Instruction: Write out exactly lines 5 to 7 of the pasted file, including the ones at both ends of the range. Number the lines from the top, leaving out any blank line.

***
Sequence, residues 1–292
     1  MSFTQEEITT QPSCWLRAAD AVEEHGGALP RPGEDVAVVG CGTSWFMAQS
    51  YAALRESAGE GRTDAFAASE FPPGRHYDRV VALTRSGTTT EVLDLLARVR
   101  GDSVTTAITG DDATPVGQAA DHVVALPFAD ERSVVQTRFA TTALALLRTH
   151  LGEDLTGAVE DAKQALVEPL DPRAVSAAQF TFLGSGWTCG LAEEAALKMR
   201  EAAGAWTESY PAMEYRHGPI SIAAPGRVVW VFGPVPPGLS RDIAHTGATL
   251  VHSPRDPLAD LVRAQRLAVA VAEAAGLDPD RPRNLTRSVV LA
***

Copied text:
   151  LGEDLTGAVE DAKQALVEPL DPRAVSAAQF TFLGSGWTCG LAEEAALKMR
   201  EAAGAWTESY PAMEYRHGPI SIAAPGRVVW VFGPVPPGLS RDIAHTGATL
   251  VHSPRDPLAD LVRAQRLAVA VAEAAGLDPD RPRNLTRSVV LA